🍔 McMillion$ Perfect BidPress Your Luck → Documentaries about three different types of gamers successfully gaming the system, and only sometimes fraudulently!

🖤 Walter White Tom RipleyRichard III → Three fictional characters who masterfully gamed those around them… up until the very end.

🎲 The MIT Blackjack TeamRasputinSam Bankman-Fried → Three real characters who masterfully gamed those around them… up until the very end.

💰 CoinbaseStarbucksThe New York Times → Three brands that turned to gamification with great success.

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A commonplace book is a hodgepodge of secret knowledge, new ideas, old quotations, and odd observations compiled for future reference and reflection.

  • Video and Mobile Games ​​Are a 4-Billion-Person-Big Opportunity: Think video games are just for little boys? You’re right. But lots of other people play them too.Gaming is following the paths of other mass media to become a commoditized form of communication for men, women, the old, the young, and everyone in between.

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  • It’s BurgerTime!: Fast-casual favorite (OK, maybe it’s just an airport favorite) Chili’s has collaborated with an unlikely partner - the 1982 Japanese arcade classic BurgerTime - to let consumers physically attack the fast food competition in the wake of frustrations over $18 Big Mac meals.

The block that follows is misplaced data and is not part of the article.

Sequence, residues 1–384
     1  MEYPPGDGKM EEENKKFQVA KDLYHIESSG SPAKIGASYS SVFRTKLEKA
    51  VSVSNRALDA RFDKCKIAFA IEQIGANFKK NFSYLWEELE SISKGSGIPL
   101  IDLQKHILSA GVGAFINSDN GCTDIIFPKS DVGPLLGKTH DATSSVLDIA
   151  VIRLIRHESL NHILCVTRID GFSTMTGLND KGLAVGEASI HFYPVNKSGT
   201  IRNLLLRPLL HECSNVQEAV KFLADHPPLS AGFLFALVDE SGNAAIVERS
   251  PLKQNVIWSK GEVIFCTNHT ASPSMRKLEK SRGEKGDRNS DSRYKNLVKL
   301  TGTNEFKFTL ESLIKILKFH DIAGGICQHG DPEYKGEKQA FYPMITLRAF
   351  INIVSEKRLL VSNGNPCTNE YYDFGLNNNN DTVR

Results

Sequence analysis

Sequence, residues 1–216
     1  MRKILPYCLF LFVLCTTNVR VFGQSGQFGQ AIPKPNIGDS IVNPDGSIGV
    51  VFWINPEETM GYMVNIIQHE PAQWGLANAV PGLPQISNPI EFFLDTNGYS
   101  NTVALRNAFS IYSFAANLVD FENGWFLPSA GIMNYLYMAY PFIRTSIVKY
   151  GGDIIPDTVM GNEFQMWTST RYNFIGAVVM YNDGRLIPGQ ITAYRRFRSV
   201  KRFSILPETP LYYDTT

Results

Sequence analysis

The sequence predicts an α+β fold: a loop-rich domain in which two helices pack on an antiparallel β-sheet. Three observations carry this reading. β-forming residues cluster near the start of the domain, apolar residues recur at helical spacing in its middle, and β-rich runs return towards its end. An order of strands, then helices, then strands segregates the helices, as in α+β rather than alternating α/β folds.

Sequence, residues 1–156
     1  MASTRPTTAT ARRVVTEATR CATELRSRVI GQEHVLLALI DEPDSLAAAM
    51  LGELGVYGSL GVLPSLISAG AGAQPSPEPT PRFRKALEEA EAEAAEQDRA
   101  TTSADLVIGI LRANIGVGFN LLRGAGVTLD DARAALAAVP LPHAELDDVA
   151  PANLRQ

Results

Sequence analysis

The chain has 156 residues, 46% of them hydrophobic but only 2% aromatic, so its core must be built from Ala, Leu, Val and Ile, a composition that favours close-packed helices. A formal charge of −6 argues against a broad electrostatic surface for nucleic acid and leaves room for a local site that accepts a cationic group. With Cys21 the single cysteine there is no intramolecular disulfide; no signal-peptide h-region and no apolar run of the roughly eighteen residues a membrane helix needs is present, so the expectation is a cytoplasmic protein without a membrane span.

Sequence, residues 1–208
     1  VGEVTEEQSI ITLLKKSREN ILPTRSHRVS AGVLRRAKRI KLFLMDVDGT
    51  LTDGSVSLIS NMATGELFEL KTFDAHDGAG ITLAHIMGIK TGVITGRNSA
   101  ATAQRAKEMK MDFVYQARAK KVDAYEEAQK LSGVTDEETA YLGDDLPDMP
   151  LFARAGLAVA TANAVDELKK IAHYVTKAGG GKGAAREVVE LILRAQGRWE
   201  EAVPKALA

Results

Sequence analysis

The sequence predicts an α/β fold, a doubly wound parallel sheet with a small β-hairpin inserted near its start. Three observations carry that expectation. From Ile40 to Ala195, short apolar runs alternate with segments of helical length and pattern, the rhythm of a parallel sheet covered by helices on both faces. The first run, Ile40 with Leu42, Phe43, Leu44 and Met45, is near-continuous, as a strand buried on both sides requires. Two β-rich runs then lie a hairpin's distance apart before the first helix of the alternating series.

• Going Postal: Founded in 1896, the Sperry & Hutchinson Company provided signature “Green Stamps” to retailers that they could give away for free in exchange for spending a certain amount of money, essentially inventing the first mainstream gamified retail loyalty program. The prizes created a craze that reached its peak in the 1960s, when the S&H Company made more stamps than the U.S. Postal Service. Brands like Piggly Wiggly, Gold Bond, A&P, Safeway, and more soon copied this model. Although far less popular these days, don’t write off stamps as an investment class just yet.

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  • Monte Carlo Simulations: Prediction models used to assess the probability of outcomes when the potential for random variables is present – applies to everything from finance to biology to Battleship.

  • The Monty Hall Problem: Three doors, one prize. You pick Door #2 and the host opens Door #1, revealing a goat. The prize remains hidden, and the question is: Do you stick with Door #2 or change your selection? The math says change your selection, but only 12% of people do.

  • Monty Python’s Complete Waste of Time: Was the real name of a real computer game created with the famed British comedy troupe’s IP. Despite their glorious heritage, this and other Monty Python video games were not so funny.

  • Life’s A Sport, #MAKEITCOUNT: No product attempted to gamify our lives more audaciously than Nike’s much-maligned FuelBand. Despite its many, many flaws, the product ecosystem was ahead of its time and they made some hits while it lasted, including a wonderful launch campaign and a mascot we’re still obsessed with: Fuelie.